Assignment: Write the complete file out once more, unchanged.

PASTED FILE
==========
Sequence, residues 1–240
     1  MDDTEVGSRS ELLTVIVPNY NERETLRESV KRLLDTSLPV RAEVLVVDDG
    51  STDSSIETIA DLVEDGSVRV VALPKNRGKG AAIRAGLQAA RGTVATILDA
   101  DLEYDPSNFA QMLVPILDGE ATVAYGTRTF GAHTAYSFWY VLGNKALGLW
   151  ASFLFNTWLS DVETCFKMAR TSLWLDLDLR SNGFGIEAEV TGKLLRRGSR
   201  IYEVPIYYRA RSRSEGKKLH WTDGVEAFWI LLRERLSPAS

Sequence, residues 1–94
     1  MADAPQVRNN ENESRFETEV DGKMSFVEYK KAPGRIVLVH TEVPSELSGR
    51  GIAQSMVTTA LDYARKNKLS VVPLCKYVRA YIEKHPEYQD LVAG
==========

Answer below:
Sequence, residues 1–240
     1  MDDTEVGSRS ELLTVIVPNY NERETLRESV KRLLDTSLPV RAEVLVVDDG
    51  STDSSIETIA DLVEDGSVRV VALPKNRGKG AAIRAGLQAA RGTVATILDA
   101  DLEYDPSNFA QMLVPILDGE ATVAYGTRTF GAHTAYSFWY VLGNKALGLW
   151  ASFLFNTWLS DVETCFKMAR TSLWLDLDLR SNGFGIEAEV TGKLLRRGSR
   201  IYEVPIYYRA RSRSEGKKLH WTDGVEAFWI LLRERLSPAS

Sequence, residues 1–94
     1  MADAPQVRNN ENESRFETEV DGKMSFVEYK KAPGRIVLVH TEVPSELSGR
    51  GIAQSMVTTA LDYARKNKLS VVPLCKYVRA YIEKHPEYQD LVAG